The detective isn't in this one so much, but Karen definitely is becoming a better sleuth on her own. The mystery here allows her to come to grips with some personal demons, but it also sheds a light on fame and loss of personal privacy. I'm so glad I found this series!
Aug 08, 2011 Margaret added it
Shelves: 2005
I enjoyed this mystery. Liked the use of first person and liked reading excerpts of Oblivion Falls, a novel written by one of the characters. Although I guessed a lot of the ending, it was a good many-tiered story, a little different than the average cozy mystery.
Karen gives an interview and later the reporter ends up dead, killed by the 50's writer that Karen mentioned in the article. Or so it seems.

The book has several twists and turns, and like all the other books I've read by Dobson, it's well written.
Elisha (lishie)
Another fun mystery in the series. Professor Pelletier's back in the middle of trouble. This one has not one but two fictional Fiction writers, excerpts from a fake book (that are intriguing) and maybe some romance, hmmm.
This book gave me an eerie feeling, not because it was eerie, but because it brought back my years in academia, which I had left behind me a long time ago.
Leslie Angel
Very nice academic mystery, likeable characters and fairly realistic. This one's a little like Looking for Winifred (Cross) which is one of my favorites.
I love Joanne Dobson's Karen Pelletier mysteries. The academic setting is spot on. This was a great story, love the tie-ins with other books.
Have enjoyed the previous titles in this series and this one is every bit as good. will look forward to the next one.
Another good one in the series. I probably liked this even a little more since it was so centered in academia.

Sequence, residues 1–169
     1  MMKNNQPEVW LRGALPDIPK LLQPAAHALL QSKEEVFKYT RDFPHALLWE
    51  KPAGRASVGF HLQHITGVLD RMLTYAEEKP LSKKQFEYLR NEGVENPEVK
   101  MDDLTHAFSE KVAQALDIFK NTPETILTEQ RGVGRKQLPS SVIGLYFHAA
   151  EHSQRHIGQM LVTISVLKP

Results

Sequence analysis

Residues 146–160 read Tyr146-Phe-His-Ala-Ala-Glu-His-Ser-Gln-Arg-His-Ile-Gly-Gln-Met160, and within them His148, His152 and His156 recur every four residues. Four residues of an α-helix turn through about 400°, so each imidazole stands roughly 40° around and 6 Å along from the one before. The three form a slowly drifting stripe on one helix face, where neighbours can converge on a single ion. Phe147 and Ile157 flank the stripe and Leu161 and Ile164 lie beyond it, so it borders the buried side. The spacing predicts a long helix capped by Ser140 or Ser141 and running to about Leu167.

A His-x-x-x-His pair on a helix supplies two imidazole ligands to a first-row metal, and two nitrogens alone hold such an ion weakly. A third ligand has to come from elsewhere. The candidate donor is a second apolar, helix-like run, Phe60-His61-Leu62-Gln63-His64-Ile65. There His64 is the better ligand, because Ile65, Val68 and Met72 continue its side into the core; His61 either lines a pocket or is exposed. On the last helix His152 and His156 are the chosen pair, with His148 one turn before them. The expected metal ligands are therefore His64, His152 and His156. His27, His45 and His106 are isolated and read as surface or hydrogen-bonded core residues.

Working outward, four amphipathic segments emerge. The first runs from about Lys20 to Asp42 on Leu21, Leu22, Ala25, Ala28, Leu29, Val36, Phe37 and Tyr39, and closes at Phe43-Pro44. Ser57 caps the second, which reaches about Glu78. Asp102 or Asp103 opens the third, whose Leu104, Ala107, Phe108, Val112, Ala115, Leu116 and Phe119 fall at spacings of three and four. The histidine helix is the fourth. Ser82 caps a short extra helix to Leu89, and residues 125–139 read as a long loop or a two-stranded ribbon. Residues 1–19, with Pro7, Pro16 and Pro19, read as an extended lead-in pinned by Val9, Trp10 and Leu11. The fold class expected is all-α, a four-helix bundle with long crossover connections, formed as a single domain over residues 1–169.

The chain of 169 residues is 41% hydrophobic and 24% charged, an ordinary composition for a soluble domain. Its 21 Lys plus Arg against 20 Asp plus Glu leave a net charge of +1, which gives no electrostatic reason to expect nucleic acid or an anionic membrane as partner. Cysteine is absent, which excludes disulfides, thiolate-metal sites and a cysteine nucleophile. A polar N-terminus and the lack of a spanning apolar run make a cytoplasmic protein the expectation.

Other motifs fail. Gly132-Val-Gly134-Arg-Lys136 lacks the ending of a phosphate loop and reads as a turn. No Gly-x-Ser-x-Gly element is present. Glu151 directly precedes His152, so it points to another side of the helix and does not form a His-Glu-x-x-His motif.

I enjoy this series, but the first one is still the strongest of the titles.
This fourth installment in the series seemed slow.
A lively, fun read for mystery lovers.
not bad. I might read her other books.
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At midlife, after two decades as an English professor and literary scholar, Joanne Dobson surprised herself (and her colleagues) by writing a mystery novel set at a small, elite, New England college where the curriculum seemed to offer a major in murder. Joanne was even more surprised when QUIETER THAN SLEEP (1997) was published by Doubleday. QUIETER was the first of the six Professor Karen Pellet ...more
More about Joanne Dobson...

Other Books in the Series

A Karen Pelletier Mystery (6 books)
  • Quieter than Sleep (A Karen Pelletier Mystery, #1)
  • The Northbury Papers (A Karen Pelletier Mystery #2)
  • The Raven and the Nightingale (A Karen Pelletier Mystery #3)
  • The Maltese Manuscript (A Karen Pelletier Mystery #5)
  • Death Without Tenure (A Karen Pelletier Mystery #6)
Quieter than Sleep (A Karen Pelletier Mystery, #1) The Northbury Papers (A Karen Pelletier Mystery #2) The Raven and the Nightingale (A Karen Pelletier Mystery #3) The Maltese Manuscript (A Karen Pelletier Mystery #5) Death Without Tenure (A Karen Pelletier Mystery #6)